Address Division of Sleep and Circadian Disorders, Brigham and Women's Hospital, Boston, MA, United States; Division of Sleep Medicine, Harvard Medical School, Boston, MA, United States  
  Corporate Author Thesis  
  Publisher Place of Publication Editor  
  Language English Summary Language Original Title  
  Series Editor Series Title Abbreviated Series Title  
  Series Volume Series Issue Edition  
  ISSN 0166-4328 ISBN Medium  
  Area Expedition Conference  
  Notes PMID:29684473 Approved no  
  Call Number (up) GFZ @ kyba @ Serial 1899  
Permanent link to this record
 

 
Author Mulvin, D. url  doi
openurl 
  Title Media Prophylaxis: Night Modes and the Politics of Preventing Harm Type Journal Article
  Year 2018 Publication Information & Culture Abbreviated Journal Information & Culture  
  Volume 53 Issue 2 Pages 175-202  
  Keywords Human Health; Society  
  Abstract This article develops the term “media prophylaxis” to analyze the ways technologies are applied to challenges of calibrating one’s body with its environment and as defenses against endemic, human-made harms. In recent years, self-illuminated screens (like those of computers, phones, and tablets) have been identified by scientists, journalists, and concerned individuals as particularly pernicious sources of sleep-disrupting light. By tracing the history of circadian research, the effects of light on sleep patterns, and the recent appearance of software like “f.lux,” Apple’s “Night Shift,” and “Twilight,” this article shows how media-prophylactic technologies can individualize responsibility for preventing harm while simultaneously surfacing otherwise ignored forms of chronic suffering.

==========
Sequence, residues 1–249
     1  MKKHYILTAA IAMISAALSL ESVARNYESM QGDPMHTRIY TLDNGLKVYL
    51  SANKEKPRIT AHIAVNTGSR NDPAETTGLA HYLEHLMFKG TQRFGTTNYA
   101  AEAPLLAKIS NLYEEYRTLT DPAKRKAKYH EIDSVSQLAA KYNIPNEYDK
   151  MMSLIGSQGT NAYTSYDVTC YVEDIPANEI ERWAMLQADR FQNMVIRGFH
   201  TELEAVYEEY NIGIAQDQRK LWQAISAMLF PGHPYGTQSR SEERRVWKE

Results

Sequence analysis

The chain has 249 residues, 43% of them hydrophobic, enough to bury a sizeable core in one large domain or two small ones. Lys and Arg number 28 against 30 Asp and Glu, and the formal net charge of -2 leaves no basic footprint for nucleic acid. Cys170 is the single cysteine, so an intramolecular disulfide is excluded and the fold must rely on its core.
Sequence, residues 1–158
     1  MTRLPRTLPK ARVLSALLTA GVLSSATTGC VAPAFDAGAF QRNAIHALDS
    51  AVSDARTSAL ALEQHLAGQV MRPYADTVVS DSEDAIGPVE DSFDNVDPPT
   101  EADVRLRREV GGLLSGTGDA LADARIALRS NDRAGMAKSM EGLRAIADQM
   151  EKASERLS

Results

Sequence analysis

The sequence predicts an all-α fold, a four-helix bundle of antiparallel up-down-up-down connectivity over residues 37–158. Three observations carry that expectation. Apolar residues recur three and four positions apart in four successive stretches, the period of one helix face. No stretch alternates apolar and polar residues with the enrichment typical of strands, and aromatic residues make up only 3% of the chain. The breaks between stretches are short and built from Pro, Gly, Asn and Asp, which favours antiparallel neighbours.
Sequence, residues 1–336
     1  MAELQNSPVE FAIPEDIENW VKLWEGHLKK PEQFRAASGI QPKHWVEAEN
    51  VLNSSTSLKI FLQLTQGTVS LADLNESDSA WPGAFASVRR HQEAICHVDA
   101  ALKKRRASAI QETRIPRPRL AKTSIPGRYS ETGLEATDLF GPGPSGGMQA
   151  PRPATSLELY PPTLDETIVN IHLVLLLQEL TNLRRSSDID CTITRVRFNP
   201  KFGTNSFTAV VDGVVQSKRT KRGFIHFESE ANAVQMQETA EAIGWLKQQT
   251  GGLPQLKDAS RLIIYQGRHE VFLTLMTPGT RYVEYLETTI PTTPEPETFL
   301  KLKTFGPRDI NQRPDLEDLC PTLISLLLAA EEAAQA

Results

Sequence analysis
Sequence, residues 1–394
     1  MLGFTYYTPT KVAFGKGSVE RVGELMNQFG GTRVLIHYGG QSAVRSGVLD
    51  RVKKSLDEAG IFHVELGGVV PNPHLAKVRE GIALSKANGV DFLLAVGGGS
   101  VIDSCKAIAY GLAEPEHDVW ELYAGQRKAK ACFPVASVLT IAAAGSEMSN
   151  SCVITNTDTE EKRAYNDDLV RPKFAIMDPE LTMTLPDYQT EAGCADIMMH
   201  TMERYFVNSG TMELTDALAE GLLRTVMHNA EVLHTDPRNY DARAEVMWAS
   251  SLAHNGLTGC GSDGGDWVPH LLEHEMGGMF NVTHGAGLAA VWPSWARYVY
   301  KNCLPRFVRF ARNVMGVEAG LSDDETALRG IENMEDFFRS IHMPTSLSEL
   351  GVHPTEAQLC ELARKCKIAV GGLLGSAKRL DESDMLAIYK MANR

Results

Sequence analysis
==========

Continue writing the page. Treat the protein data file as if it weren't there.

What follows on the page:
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  Series Editor Series Title Abbreviated Series Title  
  Series Volume Series Issue Edition  
  ISSN 2164-8034 ISBN Medium  
  Area Expedition Conference  
  Notes Approved no  
  Call Number (up) GFZ @ kyba @ Serial 1853  
Permanent link to this record
 

 
Author Garcia-Saenz, A.; Sánchez de Miguel, A.; Espinosa, A.; Valentin, A.; Aragonés, N.; Llorca, J.; Amiano, P.; Martín Sánchez, V.; Guevara, M.; Capelo, R.; Tardón, A.; Peiró-Perez, R.; Jiménez-Moleón, J.J.; Roca-Barceló, A.; Pérez-Gómez, B.; Dierssen-Sotos, T.; Fernández-Villa, T.; Moreno-Iribas, C.; Moreno, V.; García-Pérez, J.; Castaño-Vinyals, G.; Pollán, M.; Aubé, M.; Kogevinas, M. url  doi
openurl 
  Title Evaluating the Association between Artificial Light-at-Night Exposure and Breast and Prostate Cancer Risk in Spain (MCC-Spain Study) Type Journal Article
  Year 2018 Publication Environmental Health Perspectives Abbreviated Journal  
  Volume 126 Issue 04 Pages  
  Keywords Human Health; Remote Sensing  
  Abstract Background: Night shift work, exposure to light at night (ALAN) and circadian disruption may increase the risk of hormone-dependent cancers.